Earlier this year, before COVID vaccines were readily available to eligible patients, a website suddenly popped up advertising Moderna doses for $30 each. That site turned out to be a fake, and now a Maryland man has owned up to his role in getting it up and running. The Baltimore Sun reports that Odunayo "Baba" Oluwalade, 25, of Windsor Mill pleaded guilty on Friday to a federal wire fraud conspiracy, admitting he helped find a bank account that could be used in the scheme, though he claims he didn't know specifics in how the scam was run, per a release from the US Attorney's Office for the District of Maryland.
Federal investigators became aware in early January of the website, which had the domain Modernatx.shop and looked strikingly like the real Moderna site, which can be found at Modernatx.com. The feds say the site noted, in all caps: "You may be able to buy a COVID-19 vaccine ahead of time." An undercover Homeland Security Investigations agent contacted a number on the site and after several back-and-forths arranged to purchase 200 doses of the supposed vaccine, for $6,000—half due up front, half later. The agent sent the first half of the payment to the bank account set up to receive the funds, and on Jan. 15, the government seized the fake website.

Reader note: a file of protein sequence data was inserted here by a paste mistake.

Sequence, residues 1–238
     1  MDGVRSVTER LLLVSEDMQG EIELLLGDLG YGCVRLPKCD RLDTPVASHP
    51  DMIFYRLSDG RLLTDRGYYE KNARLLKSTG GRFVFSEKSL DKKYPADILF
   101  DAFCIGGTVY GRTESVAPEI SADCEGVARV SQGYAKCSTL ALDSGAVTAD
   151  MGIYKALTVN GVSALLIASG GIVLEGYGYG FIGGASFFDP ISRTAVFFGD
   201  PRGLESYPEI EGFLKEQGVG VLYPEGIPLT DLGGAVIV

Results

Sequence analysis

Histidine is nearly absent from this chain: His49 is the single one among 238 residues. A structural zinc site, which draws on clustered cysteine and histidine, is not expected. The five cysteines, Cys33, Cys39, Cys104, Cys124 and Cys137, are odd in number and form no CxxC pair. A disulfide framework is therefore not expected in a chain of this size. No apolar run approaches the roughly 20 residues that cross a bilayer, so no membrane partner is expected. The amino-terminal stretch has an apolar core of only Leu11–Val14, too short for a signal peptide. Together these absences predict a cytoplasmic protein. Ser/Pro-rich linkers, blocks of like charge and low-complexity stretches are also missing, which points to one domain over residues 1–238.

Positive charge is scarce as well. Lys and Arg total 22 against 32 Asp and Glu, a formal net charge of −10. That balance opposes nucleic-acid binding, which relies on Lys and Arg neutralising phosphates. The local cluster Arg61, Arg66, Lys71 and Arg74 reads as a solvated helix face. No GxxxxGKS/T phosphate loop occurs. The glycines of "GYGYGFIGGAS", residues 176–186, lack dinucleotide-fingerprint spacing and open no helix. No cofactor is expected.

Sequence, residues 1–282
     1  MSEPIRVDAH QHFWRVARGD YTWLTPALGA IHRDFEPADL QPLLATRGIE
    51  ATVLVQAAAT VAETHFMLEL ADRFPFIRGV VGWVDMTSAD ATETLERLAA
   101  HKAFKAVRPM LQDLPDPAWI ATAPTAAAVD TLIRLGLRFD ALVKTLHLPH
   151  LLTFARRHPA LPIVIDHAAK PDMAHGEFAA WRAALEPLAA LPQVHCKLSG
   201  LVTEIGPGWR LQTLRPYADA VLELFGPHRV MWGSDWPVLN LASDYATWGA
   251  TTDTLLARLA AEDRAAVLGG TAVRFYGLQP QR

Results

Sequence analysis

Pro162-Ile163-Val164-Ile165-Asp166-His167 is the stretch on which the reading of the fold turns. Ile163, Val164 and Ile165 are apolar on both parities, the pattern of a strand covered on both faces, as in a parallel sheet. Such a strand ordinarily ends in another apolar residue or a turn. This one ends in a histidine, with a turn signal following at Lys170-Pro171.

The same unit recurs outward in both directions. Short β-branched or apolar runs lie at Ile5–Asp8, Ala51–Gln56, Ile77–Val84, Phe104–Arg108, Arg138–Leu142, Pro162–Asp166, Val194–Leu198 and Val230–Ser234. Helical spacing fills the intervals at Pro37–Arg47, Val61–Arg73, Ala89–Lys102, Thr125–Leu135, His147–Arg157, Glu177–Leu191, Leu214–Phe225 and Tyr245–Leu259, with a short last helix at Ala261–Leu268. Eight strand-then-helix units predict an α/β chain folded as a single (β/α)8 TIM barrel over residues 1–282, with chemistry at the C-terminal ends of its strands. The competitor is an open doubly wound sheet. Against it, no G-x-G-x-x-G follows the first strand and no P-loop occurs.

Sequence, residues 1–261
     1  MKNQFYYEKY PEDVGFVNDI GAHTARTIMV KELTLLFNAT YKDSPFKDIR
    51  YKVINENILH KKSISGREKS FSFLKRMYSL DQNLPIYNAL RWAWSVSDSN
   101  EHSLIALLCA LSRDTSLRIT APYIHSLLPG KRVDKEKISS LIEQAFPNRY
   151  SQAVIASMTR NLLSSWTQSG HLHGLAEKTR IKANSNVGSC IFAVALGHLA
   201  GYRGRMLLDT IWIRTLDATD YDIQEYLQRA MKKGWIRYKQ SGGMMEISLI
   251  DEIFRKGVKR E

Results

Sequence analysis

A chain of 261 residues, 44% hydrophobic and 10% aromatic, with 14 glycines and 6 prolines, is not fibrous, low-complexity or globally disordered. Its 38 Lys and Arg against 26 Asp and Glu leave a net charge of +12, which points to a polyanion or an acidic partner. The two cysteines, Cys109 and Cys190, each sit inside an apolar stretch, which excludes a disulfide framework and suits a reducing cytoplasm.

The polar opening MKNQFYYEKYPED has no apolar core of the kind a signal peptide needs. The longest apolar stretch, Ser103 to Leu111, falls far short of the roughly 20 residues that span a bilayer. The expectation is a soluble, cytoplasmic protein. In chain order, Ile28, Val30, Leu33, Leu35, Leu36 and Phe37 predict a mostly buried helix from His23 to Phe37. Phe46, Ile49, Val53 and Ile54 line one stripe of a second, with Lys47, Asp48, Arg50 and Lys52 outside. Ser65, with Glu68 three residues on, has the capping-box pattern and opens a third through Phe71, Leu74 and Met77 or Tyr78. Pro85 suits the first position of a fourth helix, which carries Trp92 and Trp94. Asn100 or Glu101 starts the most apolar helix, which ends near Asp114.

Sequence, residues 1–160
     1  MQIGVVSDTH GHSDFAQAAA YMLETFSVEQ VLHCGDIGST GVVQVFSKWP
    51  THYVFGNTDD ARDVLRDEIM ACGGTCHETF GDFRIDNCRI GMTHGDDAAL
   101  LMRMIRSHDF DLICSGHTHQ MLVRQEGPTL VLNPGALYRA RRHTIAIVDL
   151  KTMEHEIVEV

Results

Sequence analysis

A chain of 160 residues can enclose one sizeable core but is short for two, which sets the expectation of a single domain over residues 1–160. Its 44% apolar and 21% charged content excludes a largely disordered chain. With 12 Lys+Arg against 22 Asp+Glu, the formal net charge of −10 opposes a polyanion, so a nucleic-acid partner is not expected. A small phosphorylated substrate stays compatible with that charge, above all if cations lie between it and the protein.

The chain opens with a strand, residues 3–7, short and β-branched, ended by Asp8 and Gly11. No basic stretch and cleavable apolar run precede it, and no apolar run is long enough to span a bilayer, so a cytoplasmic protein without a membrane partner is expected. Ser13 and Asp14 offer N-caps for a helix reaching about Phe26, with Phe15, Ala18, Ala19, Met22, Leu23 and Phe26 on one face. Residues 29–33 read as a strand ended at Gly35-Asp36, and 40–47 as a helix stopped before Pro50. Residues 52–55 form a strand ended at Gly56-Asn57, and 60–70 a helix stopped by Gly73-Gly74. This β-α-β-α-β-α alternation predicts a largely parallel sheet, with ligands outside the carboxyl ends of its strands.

As for his role in the scheme, Oluwalade admits in his plea that in mid-November he got a message asking for his assistance in finding a bank account to funnel money to, and that a few days later, a co-conspirator texted him saying one had been found. Oluwalade took down info for that bank account and passed it along to yet another co-conspirator, per the release. After one of those co-conspirator's phones was seized during the execution of a search warrant, an investigator used that phone to text Oluwalade: "Yo where u want me send the bread?" Oluwalade replied, "Yea send me some thru zelle and some through cash app," referring to two well-known online payment platforms.
Oluwalade was arrested on Feb. 11. He was released on bond, under the conditions he give up his passport and not correspond with his alleged co-conspirators, one of whom is his cousin. Per the Post, this scam is one of many tied to vaccines and vaccine cards that have emerged during the pandemic. Per court records, the cases of Oluwalade's co-conspirators are pending. Oluwalade himself could see up to 20 years behind bars. A sentencing date has not yet been set. (Read more coronavirus vaccine stories.)